The Nictitating Membrane has been made by writer and performer Chris Thorpe and Dr Joe Cain, Head of Department and Senior Lecturer in History and Philosophy of at UCL, whose research includes the history of evolutionary studies.
Chris writes of his podcast:
"Normally I'm pretty good at seeing the boundaries between things – keeping projects, bits of life, thoughts about the present or the future, separate. Obviously in reality these things are a glorious mess, but in my head I can just about manage to focus on one thing at a time when I need to.
When I thought of any part of my body though, that process completely broke down. I'd find myself thinking about my kidneys, my kneecaps, my eyebrows, and for some reason I just couldn't take them out of context. I'd widen the field slightly and that old song about the x-bone being connected to the y-bone would run through my mind and suddenly I was a single organism again rather than a set of interconnected parts.
I guess that's what attracted me to the body's dead ends. The vestigial structures. The remnants. They're easy to isolate, because they live outside that dance of survival and interdependence. They just hang around, slowly evolving themselves out of the party, because we don't need them any more – they live within us, they're part of us, but they don't help us live.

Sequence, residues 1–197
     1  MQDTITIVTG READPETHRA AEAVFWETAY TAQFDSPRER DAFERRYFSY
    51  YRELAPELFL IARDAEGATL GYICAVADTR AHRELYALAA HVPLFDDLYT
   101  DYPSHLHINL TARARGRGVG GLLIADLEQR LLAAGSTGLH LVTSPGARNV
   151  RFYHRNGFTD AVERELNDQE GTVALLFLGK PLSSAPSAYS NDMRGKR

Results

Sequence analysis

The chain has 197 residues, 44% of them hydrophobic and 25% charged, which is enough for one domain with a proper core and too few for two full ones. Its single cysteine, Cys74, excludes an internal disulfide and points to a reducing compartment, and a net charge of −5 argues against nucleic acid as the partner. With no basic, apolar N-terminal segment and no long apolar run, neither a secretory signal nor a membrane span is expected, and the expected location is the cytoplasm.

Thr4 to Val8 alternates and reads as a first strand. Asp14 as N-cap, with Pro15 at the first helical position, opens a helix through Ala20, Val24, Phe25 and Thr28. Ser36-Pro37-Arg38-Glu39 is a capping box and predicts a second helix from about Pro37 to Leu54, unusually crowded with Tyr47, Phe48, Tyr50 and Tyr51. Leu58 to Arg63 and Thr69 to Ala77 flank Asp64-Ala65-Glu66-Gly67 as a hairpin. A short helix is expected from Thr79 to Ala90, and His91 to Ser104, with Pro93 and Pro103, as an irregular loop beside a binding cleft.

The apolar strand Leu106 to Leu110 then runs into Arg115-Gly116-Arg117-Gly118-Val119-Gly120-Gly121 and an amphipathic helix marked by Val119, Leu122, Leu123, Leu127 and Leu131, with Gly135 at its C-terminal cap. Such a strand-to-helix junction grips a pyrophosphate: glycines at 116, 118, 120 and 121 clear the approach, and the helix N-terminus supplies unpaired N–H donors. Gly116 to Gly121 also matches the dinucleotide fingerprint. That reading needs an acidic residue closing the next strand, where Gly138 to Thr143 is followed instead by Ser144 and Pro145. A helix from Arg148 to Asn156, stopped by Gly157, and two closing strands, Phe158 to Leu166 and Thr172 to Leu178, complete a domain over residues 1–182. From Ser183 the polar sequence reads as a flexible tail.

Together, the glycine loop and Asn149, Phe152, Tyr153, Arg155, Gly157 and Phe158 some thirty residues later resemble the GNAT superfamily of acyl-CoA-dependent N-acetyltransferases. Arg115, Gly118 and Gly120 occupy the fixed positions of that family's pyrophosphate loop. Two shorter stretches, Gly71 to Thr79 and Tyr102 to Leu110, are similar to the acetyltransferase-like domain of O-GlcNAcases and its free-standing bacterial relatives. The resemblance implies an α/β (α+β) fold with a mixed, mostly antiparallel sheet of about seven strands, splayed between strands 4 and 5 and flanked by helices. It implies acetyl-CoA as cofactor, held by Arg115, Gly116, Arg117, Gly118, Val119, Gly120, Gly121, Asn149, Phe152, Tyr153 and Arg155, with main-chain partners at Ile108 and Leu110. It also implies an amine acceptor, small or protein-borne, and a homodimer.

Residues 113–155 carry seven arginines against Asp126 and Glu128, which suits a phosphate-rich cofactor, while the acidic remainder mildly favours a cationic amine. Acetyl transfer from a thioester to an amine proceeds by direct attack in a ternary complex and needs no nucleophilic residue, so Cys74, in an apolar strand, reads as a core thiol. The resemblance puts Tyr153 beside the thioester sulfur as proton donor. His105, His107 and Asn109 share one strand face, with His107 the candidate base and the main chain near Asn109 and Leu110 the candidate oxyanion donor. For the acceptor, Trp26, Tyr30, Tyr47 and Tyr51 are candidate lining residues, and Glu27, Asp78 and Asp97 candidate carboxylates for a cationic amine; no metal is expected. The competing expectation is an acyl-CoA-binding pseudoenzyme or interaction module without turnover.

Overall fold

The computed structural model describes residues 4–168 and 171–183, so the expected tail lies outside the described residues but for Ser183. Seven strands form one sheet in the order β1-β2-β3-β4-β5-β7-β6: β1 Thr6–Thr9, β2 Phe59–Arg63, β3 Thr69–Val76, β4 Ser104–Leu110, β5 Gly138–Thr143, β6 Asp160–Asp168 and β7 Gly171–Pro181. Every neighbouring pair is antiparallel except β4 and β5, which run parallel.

Then I talked to Joe Cain – which everyone should do if they ever get the chance. And he made me realise these dead ends – the nictitating membrane, the coccyx, the shiver of goosebumps – are anything but dead. They sum us up exactly. They emerge from chaos and they go back to chaos, and they're a constant, inspiring reminder that even though you and me might only hang around for a few decades, our species will never be done with the constant process of change that stops us stagnating.
And I looked out of the window, and I thought – that's not just true of our bodies. For good or ill, it's true of everything we are, we build and we do. So that's where this Body Pod came from."